You can appeal to your people using their why. Their why keeps them coming back. It’ll make them push beyond what they believe is possible. 

Appeal to people using what matters to them.

7. You don’t have to give an answer:

Nazis stopped one of the trains Nicky used. The Nazis ask Trevor why England wants all of these Jews.

Trevor could have responded in a myriad of ways. Instead, he chose to remain silent. He didn’t answer.

You will be questioned many times throughout your leadership journey. People will press you for an answer.

The truth is, you’re not required to answer. You can let your silence be your response.

8. It’s okay to go to silly things:

Nicky met with Betty Maxwell (Marthe Keller) to show her the scrapbook he’d kept in Trevor’s old briefcase. It was a fascinating history of the children he’d saved.

Betty kept the scrapbook to show her husband, Robert Maxwell. Robert eventually invites Nicky to come on the show That’s Life.

Grete tells Nicky that it’s a silly show. Maybe he shouldn’t go. Nicky goes anyway. At the show, he is reunited with one of the children he’d rescued.

By going to the silly show, Nicky’s life is once more changed. He understands the impact his actions have had.

We may want to avoid the silly things in our lives, thinking they are too childish or silly. However, these silly things can change our lives.

Be willing to step out and do something fun or silly. Experience a different side of life. 

Who knows, it could change yours.

9. The people you impact want to meet you:

After the first person meets with Nicky on That’s Life, Nicky gets a call that two more of the children he’d rescued want to meet him. He agrees to meet them.

However, at the show, Nicky discovers that there are more than two children. There’s an audience full of the children he’d rescued.

These people wanted to meet Nicky because he made an impact on them. He’d rescued them. They’re alive because of him.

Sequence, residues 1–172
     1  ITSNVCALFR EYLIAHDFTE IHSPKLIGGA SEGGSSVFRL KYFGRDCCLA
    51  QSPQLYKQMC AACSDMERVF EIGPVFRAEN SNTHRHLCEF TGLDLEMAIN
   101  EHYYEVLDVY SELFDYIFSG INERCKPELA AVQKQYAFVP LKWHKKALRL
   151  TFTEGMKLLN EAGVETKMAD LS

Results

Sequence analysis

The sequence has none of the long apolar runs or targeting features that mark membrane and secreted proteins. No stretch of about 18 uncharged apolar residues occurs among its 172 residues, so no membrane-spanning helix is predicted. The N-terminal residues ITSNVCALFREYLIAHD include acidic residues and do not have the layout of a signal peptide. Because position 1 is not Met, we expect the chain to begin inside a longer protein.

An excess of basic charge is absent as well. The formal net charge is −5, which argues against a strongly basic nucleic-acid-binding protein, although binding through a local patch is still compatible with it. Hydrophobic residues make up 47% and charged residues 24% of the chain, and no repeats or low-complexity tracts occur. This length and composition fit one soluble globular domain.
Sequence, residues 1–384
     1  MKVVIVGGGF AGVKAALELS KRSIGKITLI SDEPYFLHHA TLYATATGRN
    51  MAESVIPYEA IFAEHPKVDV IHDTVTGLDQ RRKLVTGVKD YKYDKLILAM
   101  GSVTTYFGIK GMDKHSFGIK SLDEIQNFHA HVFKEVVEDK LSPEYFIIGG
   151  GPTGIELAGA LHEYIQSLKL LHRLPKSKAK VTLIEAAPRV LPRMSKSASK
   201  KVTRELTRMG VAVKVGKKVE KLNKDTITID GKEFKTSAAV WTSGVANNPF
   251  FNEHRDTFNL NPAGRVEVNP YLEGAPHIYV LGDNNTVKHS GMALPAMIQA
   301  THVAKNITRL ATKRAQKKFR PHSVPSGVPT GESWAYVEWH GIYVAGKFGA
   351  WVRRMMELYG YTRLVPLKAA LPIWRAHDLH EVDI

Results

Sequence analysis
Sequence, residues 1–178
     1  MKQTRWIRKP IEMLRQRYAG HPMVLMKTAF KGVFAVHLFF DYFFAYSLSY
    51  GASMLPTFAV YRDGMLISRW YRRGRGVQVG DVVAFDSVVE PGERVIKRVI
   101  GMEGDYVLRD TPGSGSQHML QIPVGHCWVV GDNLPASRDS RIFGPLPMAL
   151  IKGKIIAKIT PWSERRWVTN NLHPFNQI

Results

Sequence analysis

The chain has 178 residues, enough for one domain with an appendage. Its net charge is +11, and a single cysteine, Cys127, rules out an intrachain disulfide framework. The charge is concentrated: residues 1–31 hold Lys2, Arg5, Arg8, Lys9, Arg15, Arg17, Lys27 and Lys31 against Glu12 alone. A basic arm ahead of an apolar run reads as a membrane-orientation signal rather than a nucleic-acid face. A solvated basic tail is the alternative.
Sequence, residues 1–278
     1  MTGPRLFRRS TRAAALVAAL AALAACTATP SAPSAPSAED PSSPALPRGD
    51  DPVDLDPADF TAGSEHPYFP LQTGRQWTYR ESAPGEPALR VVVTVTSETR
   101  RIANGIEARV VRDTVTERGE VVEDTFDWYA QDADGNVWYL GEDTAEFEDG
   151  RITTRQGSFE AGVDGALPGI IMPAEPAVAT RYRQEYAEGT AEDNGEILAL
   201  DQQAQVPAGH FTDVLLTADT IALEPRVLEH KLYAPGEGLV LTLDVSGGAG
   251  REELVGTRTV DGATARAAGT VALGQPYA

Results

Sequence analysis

You will never know the true impact you have on those you interact with. Yet, you will impact hundreds, thousands, maybe hundreds of thousands of people throughout the course of your life.

These people want to meet you. They want to have a connection with you.

Because of the impact you left on them.

Know that your actions have changed the lives of the people around you. Your actions are important. And so are you.

10. One person can change the world:

One Life is all about the life of Nicky Winton. He was one man who changed the world. He’s been called the British Schindler (remember Schindler’s List?). 

His selfless actions changed 669 children’s lives. 

Think about that… How many children did they have? How many children did their children’s children have? And so on…

Nicky’s actions truly changed the world.

And so can you. 

You are interacting with thousands of people throughout your life. Each one is an important life that needs to be tended to.

Your interactions with the people you come into contact with can change the world. Be the world changer.

If you enjoyed this Reel Leadership article, you may enjoy our collection of Reel Leadership articles eBook. You can get this eBook for free by signing up for updates by clicking here.
Follow Me